Bag Lady Shirley Lewis is in Bundaberg to encourage the community to be more aware of how their use of plastic can impact the environment.
Bag Lady Shirley Lewis is in Bundaberg to encourage the community to be more aware of how their use of plastic can impact the environment. Mike Knott

Shirley's the hero to take our pollution down to zero

SHIRLEY Lewis lives her life ASAP: As Sustainably As Possible.

While she might stand out in a crowd, she said that it's all by design to get people to notice her and the message she is trying to spread.

It's a simple one: asking people to reduce their pollution and waste products.

Bag Lady Shirley Lewis is in Bundaberg to encourage the community to be more aware of how their use of plastic can impact the environment.
Bag Lady Shirley Lewis is in Bundaberg to encourage the community to be more aware of how their use of plastic can impact the environment. Mike Knott

Ms Lewis has spent the last two weeks visiting schools around Bundaberg to educate students on the impact of plastic pollution, and lives her life in line with her message.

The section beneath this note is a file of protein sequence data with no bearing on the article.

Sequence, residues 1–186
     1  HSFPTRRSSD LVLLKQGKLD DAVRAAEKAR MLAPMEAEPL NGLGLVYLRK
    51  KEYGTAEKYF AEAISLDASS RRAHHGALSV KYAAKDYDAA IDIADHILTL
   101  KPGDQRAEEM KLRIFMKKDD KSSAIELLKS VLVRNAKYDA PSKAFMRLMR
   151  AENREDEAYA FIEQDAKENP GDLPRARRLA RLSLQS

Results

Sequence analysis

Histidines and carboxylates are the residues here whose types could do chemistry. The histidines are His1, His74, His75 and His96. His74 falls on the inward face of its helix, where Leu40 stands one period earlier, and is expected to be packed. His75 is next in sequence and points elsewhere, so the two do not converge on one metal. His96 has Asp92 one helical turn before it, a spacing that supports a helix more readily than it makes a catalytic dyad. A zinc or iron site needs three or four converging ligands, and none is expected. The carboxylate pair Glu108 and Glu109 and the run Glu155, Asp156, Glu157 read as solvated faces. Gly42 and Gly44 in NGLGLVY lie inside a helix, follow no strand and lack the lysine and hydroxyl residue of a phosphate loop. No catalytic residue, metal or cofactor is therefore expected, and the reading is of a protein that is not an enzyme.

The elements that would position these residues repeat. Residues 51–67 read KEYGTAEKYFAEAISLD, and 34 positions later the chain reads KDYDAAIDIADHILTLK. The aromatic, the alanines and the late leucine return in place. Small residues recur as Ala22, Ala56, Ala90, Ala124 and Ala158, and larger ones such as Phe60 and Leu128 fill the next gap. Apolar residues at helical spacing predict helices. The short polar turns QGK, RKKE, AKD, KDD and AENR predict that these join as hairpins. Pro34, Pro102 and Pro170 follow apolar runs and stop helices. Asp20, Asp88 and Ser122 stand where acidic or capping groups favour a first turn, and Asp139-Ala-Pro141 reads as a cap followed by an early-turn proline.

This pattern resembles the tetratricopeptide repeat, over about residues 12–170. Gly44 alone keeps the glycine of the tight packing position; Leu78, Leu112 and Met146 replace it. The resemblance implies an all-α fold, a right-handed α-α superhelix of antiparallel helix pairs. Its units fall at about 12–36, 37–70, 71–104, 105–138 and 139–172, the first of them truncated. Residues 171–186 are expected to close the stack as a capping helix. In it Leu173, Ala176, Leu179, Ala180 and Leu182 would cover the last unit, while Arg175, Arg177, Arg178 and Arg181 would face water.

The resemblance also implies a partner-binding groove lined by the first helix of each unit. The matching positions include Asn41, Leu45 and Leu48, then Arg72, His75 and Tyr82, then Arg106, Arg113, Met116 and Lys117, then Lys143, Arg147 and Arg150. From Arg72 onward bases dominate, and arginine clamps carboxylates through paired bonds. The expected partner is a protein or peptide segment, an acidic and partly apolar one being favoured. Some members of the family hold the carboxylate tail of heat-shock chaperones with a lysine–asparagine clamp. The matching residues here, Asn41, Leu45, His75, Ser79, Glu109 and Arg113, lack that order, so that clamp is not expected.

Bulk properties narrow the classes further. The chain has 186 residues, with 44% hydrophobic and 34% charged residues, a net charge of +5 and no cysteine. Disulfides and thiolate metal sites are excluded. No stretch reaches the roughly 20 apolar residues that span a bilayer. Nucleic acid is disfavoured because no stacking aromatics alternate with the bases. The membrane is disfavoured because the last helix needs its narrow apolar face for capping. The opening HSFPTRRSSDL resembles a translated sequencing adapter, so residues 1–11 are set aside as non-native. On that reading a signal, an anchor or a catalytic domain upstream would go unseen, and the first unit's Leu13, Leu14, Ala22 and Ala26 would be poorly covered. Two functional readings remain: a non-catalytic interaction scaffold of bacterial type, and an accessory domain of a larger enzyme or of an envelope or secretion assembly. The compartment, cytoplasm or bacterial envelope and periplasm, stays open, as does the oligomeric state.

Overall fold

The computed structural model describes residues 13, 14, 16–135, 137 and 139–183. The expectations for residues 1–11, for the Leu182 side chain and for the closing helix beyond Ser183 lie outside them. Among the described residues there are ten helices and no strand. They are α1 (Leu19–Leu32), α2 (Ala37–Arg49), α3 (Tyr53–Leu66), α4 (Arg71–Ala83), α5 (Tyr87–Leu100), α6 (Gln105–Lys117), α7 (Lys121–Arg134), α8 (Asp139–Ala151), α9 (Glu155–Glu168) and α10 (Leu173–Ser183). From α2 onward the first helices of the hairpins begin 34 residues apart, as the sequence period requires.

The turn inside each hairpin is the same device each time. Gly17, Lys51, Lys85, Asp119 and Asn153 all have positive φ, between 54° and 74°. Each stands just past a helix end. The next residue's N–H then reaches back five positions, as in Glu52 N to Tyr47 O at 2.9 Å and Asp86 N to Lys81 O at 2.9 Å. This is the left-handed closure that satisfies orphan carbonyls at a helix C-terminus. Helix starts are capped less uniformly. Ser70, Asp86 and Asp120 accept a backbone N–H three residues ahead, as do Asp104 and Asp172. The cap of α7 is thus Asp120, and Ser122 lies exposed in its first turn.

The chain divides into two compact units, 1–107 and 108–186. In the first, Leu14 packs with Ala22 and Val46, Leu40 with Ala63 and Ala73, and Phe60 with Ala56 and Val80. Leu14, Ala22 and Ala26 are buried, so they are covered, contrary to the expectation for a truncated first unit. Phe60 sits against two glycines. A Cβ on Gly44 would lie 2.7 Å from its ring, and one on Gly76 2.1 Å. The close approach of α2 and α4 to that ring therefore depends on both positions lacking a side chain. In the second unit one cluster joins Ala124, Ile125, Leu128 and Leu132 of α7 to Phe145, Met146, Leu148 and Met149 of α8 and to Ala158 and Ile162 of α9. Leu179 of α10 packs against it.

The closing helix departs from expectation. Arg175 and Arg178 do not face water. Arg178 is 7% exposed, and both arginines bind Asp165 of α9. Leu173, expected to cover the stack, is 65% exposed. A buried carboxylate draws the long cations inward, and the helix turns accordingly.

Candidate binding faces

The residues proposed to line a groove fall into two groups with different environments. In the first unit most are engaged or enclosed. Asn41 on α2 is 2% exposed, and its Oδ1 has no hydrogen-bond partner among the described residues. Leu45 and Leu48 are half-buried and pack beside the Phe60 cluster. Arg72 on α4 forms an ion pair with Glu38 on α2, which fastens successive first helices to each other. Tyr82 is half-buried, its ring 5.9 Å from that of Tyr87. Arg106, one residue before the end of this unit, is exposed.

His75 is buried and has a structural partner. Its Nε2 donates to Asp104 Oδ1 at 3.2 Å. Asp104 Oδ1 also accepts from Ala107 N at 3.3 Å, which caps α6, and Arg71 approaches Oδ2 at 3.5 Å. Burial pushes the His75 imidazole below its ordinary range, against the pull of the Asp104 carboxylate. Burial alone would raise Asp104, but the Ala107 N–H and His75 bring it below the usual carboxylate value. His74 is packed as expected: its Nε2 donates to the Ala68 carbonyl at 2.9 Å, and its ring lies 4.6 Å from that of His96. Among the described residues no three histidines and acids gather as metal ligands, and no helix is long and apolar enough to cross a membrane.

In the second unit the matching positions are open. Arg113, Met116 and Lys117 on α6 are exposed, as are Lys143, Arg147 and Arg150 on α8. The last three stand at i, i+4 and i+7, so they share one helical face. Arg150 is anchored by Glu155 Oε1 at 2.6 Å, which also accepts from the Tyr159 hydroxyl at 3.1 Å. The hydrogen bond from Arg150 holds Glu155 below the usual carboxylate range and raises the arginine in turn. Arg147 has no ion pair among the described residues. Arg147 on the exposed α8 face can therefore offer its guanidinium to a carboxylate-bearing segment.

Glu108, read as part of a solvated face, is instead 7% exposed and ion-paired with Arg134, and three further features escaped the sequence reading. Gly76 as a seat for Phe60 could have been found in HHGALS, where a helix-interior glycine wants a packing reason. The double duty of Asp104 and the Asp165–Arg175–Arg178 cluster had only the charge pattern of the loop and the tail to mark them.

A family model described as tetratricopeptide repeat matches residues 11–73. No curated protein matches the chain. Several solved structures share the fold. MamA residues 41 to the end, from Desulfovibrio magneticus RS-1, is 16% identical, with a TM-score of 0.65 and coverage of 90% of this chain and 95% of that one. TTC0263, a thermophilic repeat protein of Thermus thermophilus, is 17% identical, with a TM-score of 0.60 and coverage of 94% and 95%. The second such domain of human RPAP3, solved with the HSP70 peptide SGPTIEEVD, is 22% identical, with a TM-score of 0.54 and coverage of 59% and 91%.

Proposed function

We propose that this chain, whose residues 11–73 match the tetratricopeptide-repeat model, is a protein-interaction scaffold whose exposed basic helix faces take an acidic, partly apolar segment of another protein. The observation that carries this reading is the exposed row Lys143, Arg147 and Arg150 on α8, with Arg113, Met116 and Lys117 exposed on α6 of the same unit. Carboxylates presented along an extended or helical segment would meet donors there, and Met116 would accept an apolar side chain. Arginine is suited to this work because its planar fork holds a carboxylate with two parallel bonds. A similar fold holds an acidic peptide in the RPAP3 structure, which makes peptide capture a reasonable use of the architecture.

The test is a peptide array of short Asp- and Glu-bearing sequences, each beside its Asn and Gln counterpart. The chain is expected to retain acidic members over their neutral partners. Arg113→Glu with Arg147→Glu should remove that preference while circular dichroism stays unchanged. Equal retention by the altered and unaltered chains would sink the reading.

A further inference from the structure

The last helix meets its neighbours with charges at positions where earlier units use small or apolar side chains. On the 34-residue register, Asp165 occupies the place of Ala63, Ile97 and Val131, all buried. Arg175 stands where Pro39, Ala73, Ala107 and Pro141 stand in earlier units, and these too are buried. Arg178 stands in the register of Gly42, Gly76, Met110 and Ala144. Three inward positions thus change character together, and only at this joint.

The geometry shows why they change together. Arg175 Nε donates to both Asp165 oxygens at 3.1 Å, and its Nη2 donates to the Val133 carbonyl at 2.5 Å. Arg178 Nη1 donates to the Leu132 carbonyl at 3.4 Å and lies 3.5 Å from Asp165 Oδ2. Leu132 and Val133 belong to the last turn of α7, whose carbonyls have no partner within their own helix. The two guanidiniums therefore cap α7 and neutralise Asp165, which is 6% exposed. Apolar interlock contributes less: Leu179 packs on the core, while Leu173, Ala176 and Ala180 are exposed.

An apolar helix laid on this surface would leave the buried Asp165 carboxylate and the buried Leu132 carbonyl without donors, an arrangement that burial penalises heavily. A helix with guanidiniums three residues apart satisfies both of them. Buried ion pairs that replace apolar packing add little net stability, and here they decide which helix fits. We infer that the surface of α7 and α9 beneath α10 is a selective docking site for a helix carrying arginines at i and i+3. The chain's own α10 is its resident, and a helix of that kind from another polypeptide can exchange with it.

Ms Lewis doesn't have a car, instead using public transport and her feet to get everywhere, even giving up travelling on aeroplanes in 2006.

While in Bundaberg she was living in a semi-permanent cabin in a caravan park rather than a hotel room.

For Ms Lewis, it's all about choosing not to do things.

She chooses not to use single-use cups and utensils and not to purchase foods or items with excess packaging on them.

She uses a reusable beeswax wrap instead of cling film to cover foods and containers.

Everything is about living her life as sustainably and with as little waste as possible.

She doesn't even use a rubbish bin because of the associated bags, but it's something she said she has gotten used to.
"I've been doing this so long it's kind of painless," she said.

Bag Lady Shirley Lewis is in Bundaberg to encourage the community to be more aware of how their use of plastic can impact the environment.
Bag Lady Shirley Lewis is in Bundaberg to encourage the community to be more aware of how their use of plastic can impact the environment. Mike Knott

It's a message she's spread around the world, from Ballymena in Northern Ireland to Bundaberg.

In Australia, she's talked at schools and to politicians all the way from the Blue Mountains in New South Wales, and in Bundaberg has worked closely with Kalkie State School.

Ms Lewis works with Eco-Schools, a global movement involving around 52,000 schools and 20 million students to make working on sustainability practical and fun.

"I'm doing this for future generations," Ms Lewis said.

She said it was part of her message to translate to people just how urgently change was needed, something that started with people deciding they wanted change.

"Support the people doing it right," she said, adding that if something was going to change, it would come down to  people getting on-board.